Suppose it never comes – complete closure. The moment it feels as if you’ve done what needed to be done, said everything in your heart, gave it the time to percolate and kept the feedback window open for an adequate amount of time. And it feels right. Really right. Balanced, like your mind and body after yoga or deep breathing. Complete closure. Ahhhh.
And then…what? You feel better? A sense of pride? Stronger? More prepared for the next let-down? In thinking about the things that have caused pain or sadness in my life, I remember having a desperation for closure with a handful of messy situations. Now, looking back to a rough breakup many years ago, it seems so trite to have yearned for closure – when what I really needed was to look at myself, stay more open and not close up at all. Part of the definition is ‘the very act of closing something, usually unpleasant, so that you are able to start new activities…’
Is closure another way for us to avoid personal responsibility and uncover who we really are? In our culture, there is such a powerful push for us to move on. Close it up, and move on. From my experience, that doesn’t help me in the long run. I can’t just turn the channel, swipe, throw it away, and avoid looking at the parts that didn’t turn out the way I wanted, or turn out at all. I know, they’ll return in another shape or form.
“You dodged a bullet,” people have said to me repeatedly since my fiancé detached in a moment and left.
There was an argument during the Jewish holiday while we were traveling out of state to visit his family. I was upset that he hadn’t kept his word on a financial issue, and he was never at ease when I was angry. He demanded an apology that angered me further, as I felt unheard and he was gaslighting. “You’re ignoring my feelings again!” he yelled, taking off the ceremonial ring he wore and slamming it on the counter. “I’m done.” We then spent the entire day amongst his relatives while he gave me the silent treatment. I thought he needed to cool down. We’d deal with it after some space, and after the holiday, away from his family.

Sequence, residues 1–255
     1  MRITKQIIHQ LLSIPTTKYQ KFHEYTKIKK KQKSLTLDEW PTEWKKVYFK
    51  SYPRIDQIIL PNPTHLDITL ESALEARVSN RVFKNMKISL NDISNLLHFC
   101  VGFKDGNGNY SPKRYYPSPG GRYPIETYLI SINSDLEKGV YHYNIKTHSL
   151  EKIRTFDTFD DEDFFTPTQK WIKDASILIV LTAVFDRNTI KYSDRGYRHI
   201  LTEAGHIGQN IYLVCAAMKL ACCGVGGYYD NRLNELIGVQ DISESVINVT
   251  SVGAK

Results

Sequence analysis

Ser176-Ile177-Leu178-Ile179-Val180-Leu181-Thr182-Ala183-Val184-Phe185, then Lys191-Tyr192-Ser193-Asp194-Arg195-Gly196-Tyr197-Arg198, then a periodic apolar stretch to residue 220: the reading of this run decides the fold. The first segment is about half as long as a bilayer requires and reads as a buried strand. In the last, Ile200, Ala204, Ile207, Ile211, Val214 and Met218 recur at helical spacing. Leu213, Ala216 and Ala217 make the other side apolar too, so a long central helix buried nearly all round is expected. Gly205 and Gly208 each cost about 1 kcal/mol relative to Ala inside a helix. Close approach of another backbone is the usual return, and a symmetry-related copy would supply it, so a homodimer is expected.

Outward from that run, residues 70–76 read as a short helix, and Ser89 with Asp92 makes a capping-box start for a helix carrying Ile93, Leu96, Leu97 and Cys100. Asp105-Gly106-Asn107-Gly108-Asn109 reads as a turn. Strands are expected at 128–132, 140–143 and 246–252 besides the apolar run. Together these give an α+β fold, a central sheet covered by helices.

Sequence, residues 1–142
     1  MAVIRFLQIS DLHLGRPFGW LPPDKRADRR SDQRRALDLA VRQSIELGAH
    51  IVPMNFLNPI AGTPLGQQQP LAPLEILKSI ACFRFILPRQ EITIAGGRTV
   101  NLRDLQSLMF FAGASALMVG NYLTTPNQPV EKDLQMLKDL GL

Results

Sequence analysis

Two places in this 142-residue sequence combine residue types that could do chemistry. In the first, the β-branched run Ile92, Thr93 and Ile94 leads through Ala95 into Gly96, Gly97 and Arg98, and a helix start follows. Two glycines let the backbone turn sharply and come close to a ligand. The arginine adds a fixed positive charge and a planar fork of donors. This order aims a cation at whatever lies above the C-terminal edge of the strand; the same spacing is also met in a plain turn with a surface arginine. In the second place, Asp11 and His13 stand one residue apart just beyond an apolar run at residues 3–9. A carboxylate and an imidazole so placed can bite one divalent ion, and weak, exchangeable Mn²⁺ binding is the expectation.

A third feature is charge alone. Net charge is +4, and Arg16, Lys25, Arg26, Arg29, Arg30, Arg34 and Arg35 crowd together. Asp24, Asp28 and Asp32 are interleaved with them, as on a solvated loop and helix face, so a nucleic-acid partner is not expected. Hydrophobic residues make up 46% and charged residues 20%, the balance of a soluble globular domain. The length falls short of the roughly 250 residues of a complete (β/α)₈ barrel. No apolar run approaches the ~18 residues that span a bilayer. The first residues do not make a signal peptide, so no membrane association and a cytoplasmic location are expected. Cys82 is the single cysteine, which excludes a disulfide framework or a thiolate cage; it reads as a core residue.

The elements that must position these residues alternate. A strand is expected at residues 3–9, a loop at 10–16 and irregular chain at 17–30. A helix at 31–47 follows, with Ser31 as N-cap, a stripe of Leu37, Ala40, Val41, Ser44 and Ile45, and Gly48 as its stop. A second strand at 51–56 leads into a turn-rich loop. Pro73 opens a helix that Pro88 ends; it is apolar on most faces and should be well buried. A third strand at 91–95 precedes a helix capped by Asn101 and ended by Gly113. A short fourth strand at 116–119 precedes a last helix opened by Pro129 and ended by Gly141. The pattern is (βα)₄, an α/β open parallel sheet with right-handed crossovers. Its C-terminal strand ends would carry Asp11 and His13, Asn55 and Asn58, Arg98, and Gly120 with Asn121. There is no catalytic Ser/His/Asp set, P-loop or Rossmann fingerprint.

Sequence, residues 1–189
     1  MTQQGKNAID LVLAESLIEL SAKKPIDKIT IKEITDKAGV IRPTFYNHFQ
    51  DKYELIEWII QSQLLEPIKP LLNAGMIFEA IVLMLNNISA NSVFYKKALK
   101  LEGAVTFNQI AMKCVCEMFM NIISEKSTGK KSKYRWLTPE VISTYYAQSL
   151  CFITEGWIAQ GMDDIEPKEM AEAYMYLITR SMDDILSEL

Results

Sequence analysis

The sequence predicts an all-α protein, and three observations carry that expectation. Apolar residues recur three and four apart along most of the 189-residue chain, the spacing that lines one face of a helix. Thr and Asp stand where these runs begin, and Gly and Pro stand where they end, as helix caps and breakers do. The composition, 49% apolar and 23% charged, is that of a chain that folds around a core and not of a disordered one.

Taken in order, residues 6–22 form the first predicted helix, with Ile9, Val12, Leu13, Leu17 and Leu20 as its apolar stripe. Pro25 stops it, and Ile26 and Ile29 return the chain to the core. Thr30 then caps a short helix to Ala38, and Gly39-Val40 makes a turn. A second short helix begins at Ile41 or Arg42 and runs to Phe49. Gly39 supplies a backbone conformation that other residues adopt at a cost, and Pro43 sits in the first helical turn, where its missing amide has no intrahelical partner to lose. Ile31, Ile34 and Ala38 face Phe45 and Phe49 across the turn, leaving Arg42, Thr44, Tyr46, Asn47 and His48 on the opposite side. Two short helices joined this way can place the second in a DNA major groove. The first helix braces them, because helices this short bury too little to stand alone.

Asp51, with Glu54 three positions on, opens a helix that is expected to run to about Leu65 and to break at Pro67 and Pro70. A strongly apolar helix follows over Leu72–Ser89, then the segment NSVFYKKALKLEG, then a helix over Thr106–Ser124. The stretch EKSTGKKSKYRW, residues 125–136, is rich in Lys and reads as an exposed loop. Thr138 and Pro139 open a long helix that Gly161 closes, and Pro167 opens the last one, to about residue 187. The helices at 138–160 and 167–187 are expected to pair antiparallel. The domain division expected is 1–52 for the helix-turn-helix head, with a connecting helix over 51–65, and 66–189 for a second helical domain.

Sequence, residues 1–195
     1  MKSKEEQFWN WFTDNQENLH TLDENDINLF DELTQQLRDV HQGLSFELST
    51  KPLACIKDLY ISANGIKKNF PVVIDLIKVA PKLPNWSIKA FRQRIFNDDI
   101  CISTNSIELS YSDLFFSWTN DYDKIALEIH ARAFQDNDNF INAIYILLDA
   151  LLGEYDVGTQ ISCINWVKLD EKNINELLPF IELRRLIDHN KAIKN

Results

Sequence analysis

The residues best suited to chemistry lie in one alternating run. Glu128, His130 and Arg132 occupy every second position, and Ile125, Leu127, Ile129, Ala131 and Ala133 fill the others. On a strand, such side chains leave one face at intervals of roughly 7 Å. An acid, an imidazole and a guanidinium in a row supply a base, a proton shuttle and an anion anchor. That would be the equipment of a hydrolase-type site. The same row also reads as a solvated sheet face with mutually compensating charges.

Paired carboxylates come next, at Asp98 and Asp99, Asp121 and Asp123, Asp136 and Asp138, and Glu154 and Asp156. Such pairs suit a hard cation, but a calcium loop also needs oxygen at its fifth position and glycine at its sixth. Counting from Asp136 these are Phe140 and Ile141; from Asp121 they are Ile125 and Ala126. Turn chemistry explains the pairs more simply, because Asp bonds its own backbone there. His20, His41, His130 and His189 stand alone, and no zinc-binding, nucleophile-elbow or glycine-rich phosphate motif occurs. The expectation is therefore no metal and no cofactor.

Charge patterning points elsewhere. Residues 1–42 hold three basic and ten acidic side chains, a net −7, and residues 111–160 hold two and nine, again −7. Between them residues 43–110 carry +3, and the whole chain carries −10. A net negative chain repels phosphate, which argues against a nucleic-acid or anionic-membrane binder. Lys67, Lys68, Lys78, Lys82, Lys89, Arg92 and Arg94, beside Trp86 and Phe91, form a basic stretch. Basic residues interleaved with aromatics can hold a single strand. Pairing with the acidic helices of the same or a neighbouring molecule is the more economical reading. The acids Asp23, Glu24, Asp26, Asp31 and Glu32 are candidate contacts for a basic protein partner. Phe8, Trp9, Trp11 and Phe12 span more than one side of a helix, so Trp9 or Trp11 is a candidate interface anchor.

That evening, during an hour-long drive to a concert together that I had arranged weeks earlier, his countenance was stone cold. He said that he didn’t want to be around me and dropped me at the show alone. I was a wreck. I got plastered. He had waited to drive me back to his family’s house. Drunk and hurt, I lashed out at him. He remained silent, while recording me from his phone.
“You’re not fucking coming in the house,” he snapped as he pulled into the driveway and bolted out of the car to lock me out. Returning with a bag stuffed with my things, he dropped me at a hotel and told me to take the bus back home the next day.
In shock and hungover, I spent the following day of weary bus travel without hearing from him. When I walked into our home, all of his things were gone. I called him, struggling to speak through heaving sobs. “There’s nothing to talk about,” he interrupted, and hung up seconds after I told him that I wouldn’t survive the night, a threat he had never once heard.
A few weeks after he left me for dead, he picked up his remaining items from the house. Mostly the kids’ room stuff (all of which I bought and set up), and personal mementos I gave him over the years like cards, notes, photo albums, artwork the kids made, and framed pictures like the photo of us kissing in one of our favorite places – the focal point on the gallery wall of our dining room. He put every item into clear plastic trash bags and left them on the street that trailed 10 feet long, directly in front of our house. Trashed, just like me. Left for someone else to clean up.
That’s moving on. That’s also someone without a conscience. Someone unlike *me* entirely.
“He’s not worth one more minute of your sadness,” friends say when I’ve shared that he immediately jumped into a new relationship, and requested that all of our mutual friends drop me from their lives too.
“Don’t you dare tell me to move on,” I respond. It is not in any way because I still have feelings for him and dream of us back together. It is because I was under his spell that I began to distrust my own intuition – and this digging into who I was with him has been critical, a self-examination that could have only happened from not quickly “moving on.”
I dig, pull out the rocks and brush away the dirt – and those are the moments that feel really right. Because resolution or closure…can only happen when we’re hardly moving at all.